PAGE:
15/1/14 – East River Pipe – Poor Fricky – 1995

Album Of The Day

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East River Pipe (the name came from a sewage pipe pumping raw waste into the East River) is the creative vehicle for F.M. Cornog who also works at Home Depot. This is the ultimate in dedicated home recording and sincerely, he is only in it for the music. His albums are slices of real life from the point of view of a melancholic, ex homeless drug addict and alcoholic that with the help of his now wife Barbara Powers and her label Hell Gate did actually rescue him from the street. He/they managed to get it together and turn a disaster into a collection of smart, meaningful and poignant records. This anti pop star has become known as a talented eccentric, but really when you look at it – it’s everyone else who is weird! Domestic 8 – track recording in the front room of his apartment and a New York magazine interview (see link below) – one can only imagine the phone calls as they planned a meet around his Home Depot schedule.

Poor Fricky is the second album, released in 1995 and opens with Bring On The Loser – the song, like him is a gem. Sad guitars with dangerous anti American lyrics “I know you wanna win but I don’t really care”. I can’t find his lyrics anywhere on line so I’m trying to pick them out from the album on Metal Detector he sings “Put that old bracelet back because you know you should” Is it a desire for material things and stealing them”? I don’t know .

Two songs of two minutes follow: Here We Go has a ‘variety show’ organ sound and might have been a hit in the sixties had it been written then. Put -Down has a moody keyboard setting up a song about domestic mental torture – in two short minutes he sings about the real troubles that people have their whole lives.

Lightening up a bit with the tongue in cheek Superstar In France. It must seem so far away to him from Home Depot in New Jersey, daydreaming about being the rock star on the radio who in reality he doesn’t actually want to be. On this subject, Keep All Your Windows Tight Tonight might have been a hit for a mega star should they have covered it. His songs have been covered by lesser known as well as famous artists  including David Byrne, Lamchop, The Mountain Goats and Okkervil River. Ah Dictaphone might be beautiful and might sound like an odd subject but if he’s singing to his creative tool – it might be considered rather important – Brian Wilson might have done a great version in the sixties. Walking The Dog is everyday psychosis, “I’m walking the dog and I’m scared in the usual way”. So he can’t really be famous in the traditional way – because he’s not the type.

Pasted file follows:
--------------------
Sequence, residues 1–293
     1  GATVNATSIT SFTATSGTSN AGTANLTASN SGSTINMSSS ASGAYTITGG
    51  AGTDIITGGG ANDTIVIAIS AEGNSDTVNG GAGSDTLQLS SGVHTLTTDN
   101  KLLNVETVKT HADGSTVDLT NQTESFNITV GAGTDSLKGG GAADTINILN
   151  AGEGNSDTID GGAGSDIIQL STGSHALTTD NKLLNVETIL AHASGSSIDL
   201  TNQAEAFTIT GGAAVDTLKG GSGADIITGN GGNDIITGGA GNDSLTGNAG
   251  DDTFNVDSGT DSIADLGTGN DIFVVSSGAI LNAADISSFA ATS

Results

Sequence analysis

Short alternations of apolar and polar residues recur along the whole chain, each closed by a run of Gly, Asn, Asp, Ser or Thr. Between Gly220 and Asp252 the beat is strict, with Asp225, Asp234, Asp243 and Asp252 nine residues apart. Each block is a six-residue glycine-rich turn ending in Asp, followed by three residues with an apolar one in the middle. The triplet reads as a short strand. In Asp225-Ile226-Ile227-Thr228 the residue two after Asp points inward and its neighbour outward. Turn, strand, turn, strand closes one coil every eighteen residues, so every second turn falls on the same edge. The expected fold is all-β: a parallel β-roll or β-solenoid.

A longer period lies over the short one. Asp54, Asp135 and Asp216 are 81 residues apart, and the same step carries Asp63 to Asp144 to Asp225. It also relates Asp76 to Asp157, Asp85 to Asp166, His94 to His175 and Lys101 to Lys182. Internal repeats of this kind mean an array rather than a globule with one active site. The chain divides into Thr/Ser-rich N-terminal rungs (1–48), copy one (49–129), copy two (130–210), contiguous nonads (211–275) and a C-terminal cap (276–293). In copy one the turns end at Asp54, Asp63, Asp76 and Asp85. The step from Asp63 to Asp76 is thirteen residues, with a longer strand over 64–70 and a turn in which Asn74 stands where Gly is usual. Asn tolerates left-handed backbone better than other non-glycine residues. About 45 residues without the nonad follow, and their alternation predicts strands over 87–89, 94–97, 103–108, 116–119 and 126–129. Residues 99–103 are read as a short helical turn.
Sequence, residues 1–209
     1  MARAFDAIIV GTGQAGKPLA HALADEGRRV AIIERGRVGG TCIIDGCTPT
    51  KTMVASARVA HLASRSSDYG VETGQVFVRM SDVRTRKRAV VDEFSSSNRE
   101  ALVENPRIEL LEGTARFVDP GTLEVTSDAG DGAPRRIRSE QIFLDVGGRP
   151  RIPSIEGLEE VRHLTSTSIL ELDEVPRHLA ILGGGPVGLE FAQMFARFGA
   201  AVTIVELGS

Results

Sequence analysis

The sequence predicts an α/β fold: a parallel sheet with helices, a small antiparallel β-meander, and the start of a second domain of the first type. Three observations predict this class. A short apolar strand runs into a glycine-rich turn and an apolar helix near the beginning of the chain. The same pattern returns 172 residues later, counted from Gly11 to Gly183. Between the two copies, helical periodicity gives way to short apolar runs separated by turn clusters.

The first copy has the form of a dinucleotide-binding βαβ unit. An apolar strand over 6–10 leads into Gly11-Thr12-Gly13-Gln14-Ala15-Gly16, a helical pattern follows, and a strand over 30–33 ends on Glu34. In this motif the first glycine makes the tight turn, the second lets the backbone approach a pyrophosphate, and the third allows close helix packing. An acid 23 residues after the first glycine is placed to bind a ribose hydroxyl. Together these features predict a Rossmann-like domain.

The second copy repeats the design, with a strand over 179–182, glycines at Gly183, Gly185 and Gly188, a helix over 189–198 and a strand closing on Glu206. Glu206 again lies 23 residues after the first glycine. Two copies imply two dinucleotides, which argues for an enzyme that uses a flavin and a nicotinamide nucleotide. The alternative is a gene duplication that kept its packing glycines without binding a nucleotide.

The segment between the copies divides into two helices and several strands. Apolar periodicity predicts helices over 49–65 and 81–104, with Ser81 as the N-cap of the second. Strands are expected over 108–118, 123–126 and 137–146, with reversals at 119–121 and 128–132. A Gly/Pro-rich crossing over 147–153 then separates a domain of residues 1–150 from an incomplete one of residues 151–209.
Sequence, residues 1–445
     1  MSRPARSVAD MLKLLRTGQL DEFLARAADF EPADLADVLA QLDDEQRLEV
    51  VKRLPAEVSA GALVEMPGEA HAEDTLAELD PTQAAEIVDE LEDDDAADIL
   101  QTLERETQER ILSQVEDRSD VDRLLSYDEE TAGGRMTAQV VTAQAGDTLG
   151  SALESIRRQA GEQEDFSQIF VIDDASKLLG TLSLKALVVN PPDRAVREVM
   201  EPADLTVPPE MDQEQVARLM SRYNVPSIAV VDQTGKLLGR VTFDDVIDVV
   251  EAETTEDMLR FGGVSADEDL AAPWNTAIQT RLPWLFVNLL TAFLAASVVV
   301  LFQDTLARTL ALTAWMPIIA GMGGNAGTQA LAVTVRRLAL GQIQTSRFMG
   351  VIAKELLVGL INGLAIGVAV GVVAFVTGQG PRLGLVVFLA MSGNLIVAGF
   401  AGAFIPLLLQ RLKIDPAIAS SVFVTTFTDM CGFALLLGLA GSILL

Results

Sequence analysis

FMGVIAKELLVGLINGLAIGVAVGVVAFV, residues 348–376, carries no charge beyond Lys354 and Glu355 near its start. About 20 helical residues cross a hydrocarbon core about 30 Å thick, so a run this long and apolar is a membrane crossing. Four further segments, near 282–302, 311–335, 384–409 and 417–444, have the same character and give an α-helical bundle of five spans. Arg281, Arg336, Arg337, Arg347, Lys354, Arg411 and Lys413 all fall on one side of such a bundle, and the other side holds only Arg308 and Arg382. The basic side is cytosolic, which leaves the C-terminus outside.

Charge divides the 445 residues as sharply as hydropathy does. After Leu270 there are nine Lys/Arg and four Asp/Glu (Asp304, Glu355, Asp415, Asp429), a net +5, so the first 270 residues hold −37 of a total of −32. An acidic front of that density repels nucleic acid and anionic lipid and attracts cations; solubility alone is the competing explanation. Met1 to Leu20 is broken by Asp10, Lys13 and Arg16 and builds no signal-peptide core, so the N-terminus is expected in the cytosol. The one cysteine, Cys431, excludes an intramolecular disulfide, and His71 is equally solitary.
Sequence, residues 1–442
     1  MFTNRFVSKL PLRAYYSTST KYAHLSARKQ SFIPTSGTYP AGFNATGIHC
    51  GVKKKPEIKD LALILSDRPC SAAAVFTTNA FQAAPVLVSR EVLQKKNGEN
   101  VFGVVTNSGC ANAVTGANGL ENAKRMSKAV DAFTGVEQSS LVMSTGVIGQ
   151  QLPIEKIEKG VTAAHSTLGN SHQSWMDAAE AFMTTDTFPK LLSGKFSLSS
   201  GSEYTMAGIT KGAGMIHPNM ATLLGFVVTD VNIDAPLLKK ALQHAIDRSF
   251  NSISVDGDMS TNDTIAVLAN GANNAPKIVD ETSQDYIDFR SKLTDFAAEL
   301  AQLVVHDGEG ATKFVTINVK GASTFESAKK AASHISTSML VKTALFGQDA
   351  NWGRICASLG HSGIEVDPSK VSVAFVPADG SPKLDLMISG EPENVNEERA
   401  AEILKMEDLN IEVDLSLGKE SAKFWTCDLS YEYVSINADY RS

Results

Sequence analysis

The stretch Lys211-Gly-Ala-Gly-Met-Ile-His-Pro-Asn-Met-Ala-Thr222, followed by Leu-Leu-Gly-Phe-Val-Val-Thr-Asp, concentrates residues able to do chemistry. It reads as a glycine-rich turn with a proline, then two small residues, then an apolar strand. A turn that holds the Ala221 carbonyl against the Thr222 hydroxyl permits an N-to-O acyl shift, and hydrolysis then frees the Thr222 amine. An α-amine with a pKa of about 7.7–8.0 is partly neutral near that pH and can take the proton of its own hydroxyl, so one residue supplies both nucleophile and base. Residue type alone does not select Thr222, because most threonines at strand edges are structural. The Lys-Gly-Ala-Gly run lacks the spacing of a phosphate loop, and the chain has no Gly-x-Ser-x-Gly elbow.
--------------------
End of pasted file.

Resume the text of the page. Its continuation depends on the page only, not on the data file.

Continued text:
The next track is called Marty! And I can hardly understand a word he is singing, uptempo with feedback and crazy guitar, the song seems to have real purpose with its incessant repeating vibrating keyboard. All his songs are like this, on the way somewhere, saying something, pointing out some truth or other, unfortunately in the case of the song with my name…I can’t for the life of me understand what it is all about.

Crawl Away has that variety keyboard again, possibly a casio. The song has a great line: “Laugh at them but you’re in their world”. And finally I found a lyric on line (with a lot of mistakes) Hey Where’s Your Girl – I guess it might be another suppression of your partner song or is it darker than that, is it murder?:

Hey where’s your girl
Hey where’d she go
Did  she just get tired
Did she just get old
Like a beat up doll
Did you throw her away
Dump her on the street
Near the big highway

You were so tall
You were so fine
That they all came back
They all fell in line
You were the one
And you took control
And they all bent down
And they lost their soul

I’m going inside…

The song has a guitar part that Annie Clark from St. Vincent could have written.

Powerful Man is about the desire of the driven, “I wanna build a highway across the desert, I wanna fly a spaceship to the sun”, “I really got it going….I really got it going… I really got it going”…At this point he has to say…’on’! But he doesn’t Ha Ha! Knowing his style one imagines he is not talking about himself, he is being sarcastic or simply pointing out what some people need to to feel worthy. Cornog doesn’t need this, he needs a loving wife a child, the security of a real job and the freedom to spill out his wry remarks and alert observations on to a world that will mostly ignore him – but not everyone.

As the album finishes with When The Grounds Walks Away, I imagine this song being played in a disco by the biggest band in the world, nobody knows who really wrote it. Suddenly an earthquake hits, the Earth opens up, the sea falls into the cracks, society’s lies are washed away, all that is left is F.M. Cornog, his family and his truths and who ever is left is finally listening.

http://en.wikipedia.org/wiki/East_River_Pipe

http://www.mergerecords.com/east-river-pipe

http://nymag.com/arts/popmusic/reviews/15618/

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